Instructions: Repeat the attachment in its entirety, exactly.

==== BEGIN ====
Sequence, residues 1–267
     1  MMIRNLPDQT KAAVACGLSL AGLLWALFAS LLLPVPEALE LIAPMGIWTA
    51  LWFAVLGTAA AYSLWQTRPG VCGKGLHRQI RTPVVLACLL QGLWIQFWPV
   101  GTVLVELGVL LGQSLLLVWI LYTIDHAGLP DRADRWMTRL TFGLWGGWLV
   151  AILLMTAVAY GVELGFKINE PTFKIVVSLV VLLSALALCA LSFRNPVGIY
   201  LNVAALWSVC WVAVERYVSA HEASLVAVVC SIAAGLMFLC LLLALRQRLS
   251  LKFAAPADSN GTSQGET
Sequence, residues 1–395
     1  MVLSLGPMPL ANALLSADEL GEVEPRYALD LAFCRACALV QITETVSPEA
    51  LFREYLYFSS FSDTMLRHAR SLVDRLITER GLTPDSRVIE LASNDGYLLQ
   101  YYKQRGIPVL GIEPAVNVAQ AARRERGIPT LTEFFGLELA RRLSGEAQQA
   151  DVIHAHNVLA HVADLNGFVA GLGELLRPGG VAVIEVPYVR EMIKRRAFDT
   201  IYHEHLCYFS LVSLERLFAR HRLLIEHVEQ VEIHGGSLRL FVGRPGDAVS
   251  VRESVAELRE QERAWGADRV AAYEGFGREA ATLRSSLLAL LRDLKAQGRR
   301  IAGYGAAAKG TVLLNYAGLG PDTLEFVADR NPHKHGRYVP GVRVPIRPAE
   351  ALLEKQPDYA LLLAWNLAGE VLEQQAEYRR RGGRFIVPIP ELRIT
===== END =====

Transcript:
Sequence, residues 1–267
     1  MMIRNLPDQT KAAVACGLSL AGLLWALFAS LLLPVPEALE LIAPMGIWTA
    51  LWFAVLGTAA AYSLWQTRPG VCGKGLHRQI RTPVVLACLL QGLWIQFWPV
   101  GTVLVELGVL LGQSLLLVWI LYTIDHAGLP DRADRWMTRL TFGLWGGWLV
   151  AILLMTAVAY GVELGFKINE PTFKIVVSLV VLLSALALCA LSFRNPVGIY
   201  LNVAALWSVC WVAVERYVSA HEASLVAVVC SIAAGLMFLC LLLALRQRLS
   251  LKFAAPADSN GTSQGET
Sequence, residues 1–395
     1  MVLSLGPMPL ANALLSADEL GEVEPRYALD LAFCRACALV QITETVSPEA
    51  LFREYLYFSS FSDTMLRHAR SLVDRLITER GLTPDSRVIE LASNDGYLLQ
   101  YYKQRGIPVL GIEPAVNVAQ AARRERGIPT LTEFFGLELA RRLSGEAQQA
   151  DVIHAHNVLA HVADLNGFVA GLGELLRPGG VAVIEVPYVR EMIKRRAFDT
   201  IYHEHLCYFS LVSLERLFAR HRLLIEHVEQ VEIHGGSLRL FVGRPGDAVS
   251  VRESVAELRE QERAWGADRV AAYEGFGREA ATLRSSLLAL LRDLKAQGRR
   301  IAGYGAAAKG TVLLNYAGLG PDTLEFVADR NPHKHGRYVP GVRVPIRPAE
   351  ALLEKQPDYA LLLAWNLAGE VLEQQAEYRR RGGRFIVPIP ELRIT